General information about Prague

Prague is the capital of the Czech Republic and its political, culture and economic center. In 1992 the historical core of the city covering 866 hectares was listed in the UNESCO World Cultural and Natural Heritage Register.

Area: 496 sqkm Population: 1,184,000
Geographical situation: north latitude 50° 05′, east longitude 14° 27′, height above sea level 235 m (average)
Time: Central European (GMT+1), summer time – Central European +1 (GMT+2)
Climate: average temperature 9,0°C
Summer season – July 19,0°C
Winter season – January -0,9°C

The Vltava river flows through the city in the length of 30 km, its maximum width being 330 m.

Prague represents an unique collection of historical monuments dominated by the Prague Castle which towers high above the city. The historical core of the city is situated on both banks of the Vltava river and consists of 6 parts – formerly independent urban units unified in the 19th century. They are next:: Stare Mesto (Old Town) including Josefov (Jewish Town), Mala Strana (Lesser Town), Hradcany, Nove Mesto (New Town) and Vysehrad. Naturally, most of the historical monuments, museums and galleries are concentrated right there.

Administrative division: 10 municipal areas, 57 municipal parts
Voltage: 220 V

Prague Attributes

Prague has always played an important role in the history of the nation, the country and the whole of Europe. She has cherished the reputation of one of the most beautiful cities in the world and has been paid tribute by outstanding personalities. During centuries she had been given various attributes:

Stony Prague – this attribute was given to Prague by merchant Ibrahim ibn Jakub, a member of a delegation to the German emperor in the 10th century, in his book of travels in which he depicted Prague admiringly as a “town built of stone and lime”.

Praga tocius Bohemiae domina – Prague, the Lady of the Czechlands – this expression was used by Kosmas, the renowned Czech chronicler in 1119. Another similar attribute is Praga mater urbium – Prague, the Mother of Towns.

Praga caput regni – Prague, the Head of the Kingdom – this expression was used during the Middle Ages, but the first person who speaked it out, according to the chronicle, was Jan Pasek of Vrat, who became the Prague Mayor and reigned over both the Old Town and the New Town. In 1518 he had this slogan written on the building of the Old Town Hall, where it can be still seen today, though its author died in oblivion.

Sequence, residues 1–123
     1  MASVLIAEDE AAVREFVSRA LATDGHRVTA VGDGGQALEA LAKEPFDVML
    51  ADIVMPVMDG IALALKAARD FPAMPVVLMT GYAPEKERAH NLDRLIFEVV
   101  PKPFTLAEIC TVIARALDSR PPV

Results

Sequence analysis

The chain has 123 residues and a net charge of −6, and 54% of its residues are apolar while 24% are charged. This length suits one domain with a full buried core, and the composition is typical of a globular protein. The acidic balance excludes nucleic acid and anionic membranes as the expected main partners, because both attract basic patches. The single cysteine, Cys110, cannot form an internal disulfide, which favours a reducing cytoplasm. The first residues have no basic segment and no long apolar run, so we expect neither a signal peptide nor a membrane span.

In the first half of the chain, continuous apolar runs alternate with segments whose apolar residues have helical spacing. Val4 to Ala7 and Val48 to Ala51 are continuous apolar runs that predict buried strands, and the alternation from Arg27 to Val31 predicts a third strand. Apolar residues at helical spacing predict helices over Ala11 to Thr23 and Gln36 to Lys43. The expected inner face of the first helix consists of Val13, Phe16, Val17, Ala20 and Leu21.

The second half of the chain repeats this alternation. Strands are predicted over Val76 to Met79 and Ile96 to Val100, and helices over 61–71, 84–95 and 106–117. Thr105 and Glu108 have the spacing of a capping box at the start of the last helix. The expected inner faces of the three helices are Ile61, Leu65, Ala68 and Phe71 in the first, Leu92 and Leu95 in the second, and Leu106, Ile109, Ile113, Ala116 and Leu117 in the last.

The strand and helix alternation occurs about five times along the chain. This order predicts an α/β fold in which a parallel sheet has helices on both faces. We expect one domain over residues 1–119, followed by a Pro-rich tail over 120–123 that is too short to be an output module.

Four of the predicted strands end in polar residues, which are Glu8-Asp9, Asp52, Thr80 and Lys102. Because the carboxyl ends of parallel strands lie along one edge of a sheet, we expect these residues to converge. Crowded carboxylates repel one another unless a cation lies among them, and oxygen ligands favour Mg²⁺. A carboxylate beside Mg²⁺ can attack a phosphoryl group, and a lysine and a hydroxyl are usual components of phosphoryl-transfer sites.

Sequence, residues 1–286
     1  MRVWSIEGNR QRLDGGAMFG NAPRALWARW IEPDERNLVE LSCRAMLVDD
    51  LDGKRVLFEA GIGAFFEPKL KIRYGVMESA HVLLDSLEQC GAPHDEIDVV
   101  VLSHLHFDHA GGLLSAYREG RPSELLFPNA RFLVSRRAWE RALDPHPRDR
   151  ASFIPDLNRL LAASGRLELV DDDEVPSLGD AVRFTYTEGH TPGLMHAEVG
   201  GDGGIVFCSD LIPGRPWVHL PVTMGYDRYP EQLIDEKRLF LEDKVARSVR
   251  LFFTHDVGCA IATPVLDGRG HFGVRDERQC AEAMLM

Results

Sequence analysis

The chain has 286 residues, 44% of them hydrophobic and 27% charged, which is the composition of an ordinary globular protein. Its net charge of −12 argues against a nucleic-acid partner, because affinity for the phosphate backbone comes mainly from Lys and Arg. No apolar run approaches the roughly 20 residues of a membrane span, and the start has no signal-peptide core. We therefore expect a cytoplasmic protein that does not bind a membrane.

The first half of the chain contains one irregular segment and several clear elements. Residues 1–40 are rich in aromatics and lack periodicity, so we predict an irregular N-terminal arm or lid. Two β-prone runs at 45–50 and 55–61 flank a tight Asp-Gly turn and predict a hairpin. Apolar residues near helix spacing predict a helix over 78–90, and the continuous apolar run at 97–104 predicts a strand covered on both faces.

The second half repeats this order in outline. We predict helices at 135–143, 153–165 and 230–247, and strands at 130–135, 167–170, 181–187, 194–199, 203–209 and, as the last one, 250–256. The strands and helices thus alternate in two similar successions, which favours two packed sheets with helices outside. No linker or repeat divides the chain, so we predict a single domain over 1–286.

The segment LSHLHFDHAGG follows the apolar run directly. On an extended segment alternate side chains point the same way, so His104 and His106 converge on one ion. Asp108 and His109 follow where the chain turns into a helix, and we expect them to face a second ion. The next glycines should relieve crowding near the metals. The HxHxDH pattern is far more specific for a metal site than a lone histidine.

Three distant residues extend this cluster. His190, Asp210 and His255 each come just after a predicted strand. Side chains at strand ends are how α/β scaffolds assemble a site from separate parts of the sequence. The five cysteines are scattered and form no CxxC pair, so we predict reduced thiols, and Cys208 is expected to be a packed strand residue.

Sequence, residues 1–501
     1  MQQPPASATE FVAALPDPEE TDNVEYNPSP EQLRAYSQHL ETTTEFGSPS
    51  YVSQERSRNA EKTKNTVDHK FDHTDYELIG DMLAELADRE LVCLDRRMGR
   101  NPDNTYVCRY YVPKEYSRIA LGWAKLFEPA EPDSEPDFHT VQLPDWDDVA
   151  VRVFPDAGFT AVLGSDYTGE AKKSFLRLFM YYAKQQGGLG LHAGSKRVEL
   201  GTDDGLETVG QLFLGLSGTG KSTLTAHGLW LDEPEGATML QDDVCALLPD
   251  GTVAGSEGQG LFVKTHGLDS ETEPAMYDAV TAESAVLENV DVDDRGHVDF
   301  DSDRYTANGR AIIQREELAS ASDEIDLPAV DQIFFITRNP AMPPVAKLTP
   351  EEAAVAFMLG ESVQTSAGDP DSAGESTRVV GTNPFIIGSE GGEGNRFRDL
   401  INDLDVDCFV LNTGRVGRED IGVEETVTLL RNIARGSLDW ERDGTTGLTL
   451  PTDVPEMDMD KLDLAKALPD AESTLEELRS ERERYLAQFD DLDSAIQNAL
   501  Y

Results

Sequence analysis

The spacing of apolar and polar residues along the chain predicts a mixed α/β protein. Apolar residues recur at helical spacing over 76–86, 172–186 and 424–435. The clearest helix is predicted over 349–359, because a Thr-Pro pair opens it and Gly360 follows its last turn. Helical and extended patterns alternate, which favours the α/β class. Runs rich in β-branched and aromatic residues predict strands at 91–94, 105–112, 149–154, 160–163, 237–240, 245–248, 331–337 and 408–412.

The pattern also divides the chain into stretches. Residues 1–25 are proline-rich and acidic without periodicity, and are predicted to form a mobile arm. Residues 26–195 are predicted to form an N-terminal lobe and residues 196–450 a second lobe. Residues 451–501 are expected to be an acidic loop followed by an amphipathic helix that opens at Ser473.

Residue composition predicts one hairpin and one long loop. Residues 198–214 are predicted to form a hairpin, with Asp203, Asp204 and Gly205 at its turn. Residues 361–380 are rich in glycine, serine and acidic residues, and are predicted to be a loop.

Golden Prague – this attribute may date back to the period of Charles IV, the Czech King and German Emperor, when the towers of the Prague Castle were gilded. Another theory says that Prague got this attribute during the reign of Rudolf II who supported alchemists in their quest for gold. Then in 1882 Prague Mayor Tomas Cerny depicted Prague in his speech at the Town Hall as “Golden and Slavic “. Since 1884 a magazine called Golden Prague had been published and in its opening poem Adolf Heyduk, a well-known Czech poet, used this expression.

Prague, the City of One Hundred Spires – this attribute was probably given to Prague for the first time by writer Josef Hormayer at the beginning of the 19th century. Prague towers were first counted by mathematician and philosopher Bernardo Bolzano and he got to the number of 103, without counting water towers and private houses. Right now Prague has around 500 spires.

Prague, the Heart of Europe – Prague lies in the center of Europe, it is 600 km away from the Baltic Sea, over 700 km away from the Northern Sea, as well as from the Adriatic Sea.

Prague, the Rome of the North – if Rome was built on seven hills, then Prague was built on nine hills: Letna, Vitkov, Opys, Vetrov, Skalka, Emauzy, Vysehrad, Karlov and the highest of them – Petrin.

Prague Most

Highest elevation: 391 m above sea level, Kopanina
Lowest elevation: 177 m northern edge of Prague, where river Vltava leaves the city
Highest absolute temperature: 37,8 °C 1983
Lowest absolute temperature: – 27,6 °C 1785
Tallest tower: Telecommunications tower at Žižkov, 216 m
Highest steeple: St.Vitus´Cathedral, 96,6 m
Largest bell: Sigmund, St Vitus´Cathedral, height 2,03 m, diameter 2,56 m
Largest Square: Charles Square, 80 550 sq.m
Largest stadium: Strahov stadium, internal area 310,5 x 202,5 m, hold 220 000 spectators
Oldest metereological station: Clementinum, uninterrupted measurements since 1775
Oldest university: Charles University, founded in 1348
Oldest carillon: Loretta, dated 1694
Oldest railway station: Ferdinant Station, now Masaryk Station, 1845
First street with pavement: now Železná, 1803
First asphalt roadway: 1920
First numbering of houses: 1770
First power station: 1889 at Žižkov
First football ground: 1889
First coffee house: At the Golden Serpent, 1708
First pawn shop: At the Golden Lion on Lesser Town Square, 1747